Perfection of Man and Nature
Summarized by Rav Eliyahu Blumenzweig
Translated by Kaeren Fish
"If you walk in my statutes... I will give your rains at their proper time, and the land will give of its produce and the tree of the field will give its fruit." (Vayikra 23:3-4)
We may ask ourselves, what is so special about this blessing promised to us if we walk in God's statutes? After all, is it not natural – the accepted, expected way of the world - that the land gives of its produce and that the trees give of their fruit?
Before Adam's sin in Gan Eden, he was at one with the natural world; he lived in harmony with the Divine creations of heaven and earth. He was at peace with the animals of the field and the birds in the sky, without fear, and the fruits and produce of the land were laid ready before him with minimal effort required on his part. Man did not stand helpless before nature but rather controlled it in the manner of someone who held the power of nature in his hand.
Since the sin, the forces of nature threaten us from every side. Previously, there was no such thing as an animal of prey or a poisonous snake. Since the sin, nature is full of threats and dangers to our existence. Everywhere in the world man faces powerful natural forces, and it seems that it is they who hold all the power.
Since the first sin, man has tried in every possible way to reconquer nature, to remove its threats. In previous generations people used to try to appease nature – they would sacrifice their children in order that nature would not bring disasters upon them. Later on there were attempts to control the natural forces, and as technology progresses these attempts gain momentum. But despite all our progress, it is clear that success is not easy to achieve. We have indeed succeeded in controlling some of the dangerous natural forces with which we were familiar, but that has brought about an imbalance in the natural order which in turn has brought about new problems. Man's battle against the natural forces continues.
Judaism suggests a different solution – not the correction of nature but rather the correction of man. With Adam's sin the world was dragged down with him, and with his self-perfection the world will also return to its original state, wherein man will be at one with the world rather than being engaged in a constant battle against it.
By means of correcting the primal sin man will return to a state where he will no longer constantly live in fear of natural disasters. He will not sow the seeds of his new crop with trepidation, he will no longer walk about fearing wild animals. "And I shall make a covenant with them on that day with the animals of the field and with the birds of the sky and with the creeping creatures of the earth, and I will break the bow and the sword and war from the earth, and I shall lay them down in peace" (Hoshea 2:20).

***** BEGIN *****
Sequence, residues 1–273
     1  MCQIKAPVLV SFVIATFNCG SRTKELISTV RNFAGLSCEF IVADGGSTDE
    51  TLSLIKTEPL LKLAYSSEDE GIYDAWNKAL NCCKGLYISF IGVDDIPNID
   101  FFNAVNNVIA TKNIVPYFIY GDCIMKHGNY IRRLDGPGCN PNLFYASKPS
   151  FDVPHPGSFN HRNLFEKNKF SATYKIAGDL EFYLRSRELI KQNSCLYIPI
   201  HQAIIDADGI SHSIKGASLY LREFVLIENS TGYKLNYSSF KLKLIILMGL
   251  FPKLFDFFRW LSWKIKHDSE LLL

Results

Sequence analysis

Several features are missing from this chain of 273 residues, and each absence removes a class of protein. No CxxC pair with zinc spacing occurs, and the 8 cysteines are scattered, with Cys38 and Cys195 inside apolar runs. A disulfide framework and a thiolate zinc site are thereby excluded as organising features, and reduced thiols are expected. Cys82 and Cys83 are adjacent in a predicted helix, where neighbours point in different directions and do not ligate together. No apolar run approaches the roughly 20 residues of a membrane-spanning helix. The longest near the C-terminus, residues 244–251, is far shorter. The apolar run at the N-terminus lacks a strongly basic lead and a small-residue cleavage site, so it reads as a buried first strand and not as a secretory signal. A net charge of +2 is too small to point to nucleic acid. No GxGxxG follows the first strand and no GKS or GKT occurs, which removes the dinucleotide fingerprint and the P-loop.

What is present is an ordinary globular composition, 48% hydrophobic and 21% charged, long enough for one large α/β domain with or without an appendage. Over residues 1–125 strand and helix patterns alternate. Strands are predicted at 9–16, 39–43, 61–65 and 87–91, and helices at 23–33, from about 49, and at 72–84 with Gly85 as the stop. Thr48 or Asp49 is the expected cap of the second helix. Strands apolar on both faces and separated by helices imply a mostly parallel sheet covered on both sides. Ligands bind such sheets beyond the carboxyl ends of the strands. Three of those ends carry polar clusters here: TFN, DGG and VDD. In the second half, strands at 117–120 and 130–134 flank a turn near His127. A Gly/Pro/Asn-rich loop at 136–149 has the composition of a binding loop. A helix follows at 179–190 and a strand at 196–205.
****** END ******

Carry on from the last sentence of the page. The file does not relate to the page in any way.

When the creations of heaven and earth truly look the way they are meant to, man will be able to come to the realization that God's wisdom is indeed revealed in all of creation. He will be able to perceive the creation about which God said, "And behold it was very good" - the living force of God which gives life to all of creation, such that everything is truly good.
If this is the case, then what reward is the Torah promising us? It would seem that what the Torah is describing is the world as it is meant to be, if only man would not destroy the Divine plan.
This is in fact so, and what the Torah is conveying here is not a promise of reward but rather a description of the natural consequences of our actions. "Walking in the statutes of God" and correction of the degeneration which has come about in the wake of the primal sin - which is our aim in fulfilling the laws of the Torah - will return the entire world to its proper state: "And they will do no evil nor any corruption throughout My holy mountain" (Yishayahu 11:9).
To date we have not yet merited this berakha in its entirety. But in the meantime we can attempt to apply it in relation to what is written in the first part of the verse, and Chazal's commentary: "If you walk in My statutes - that you should toil diligently in Torah." Sometimes a person senses that he is not at one with the Torah; he feels that he is waging a constant battle for conquest and control, and he feels helpless. A person is obligated to work towards perfecting himself, at least to the point where one battle - the question of whether or not he is at one with the Torah - no longer bothers him. A person must feel himself within the world of Torah, and within this world he can wage the battle for better and more profound understanding, for deeper and more all-encompassing comprehension. But all of this must be based on the feeling that he is "living Torah," not fighting the Torah from outside, not fighting over whether or not to enter the Beit Midrash. Within this embrace of life he can continue in his struggle towards perfection.
(Originally delivered on Leil Shabbat, Parashat Bechukotai 5733.)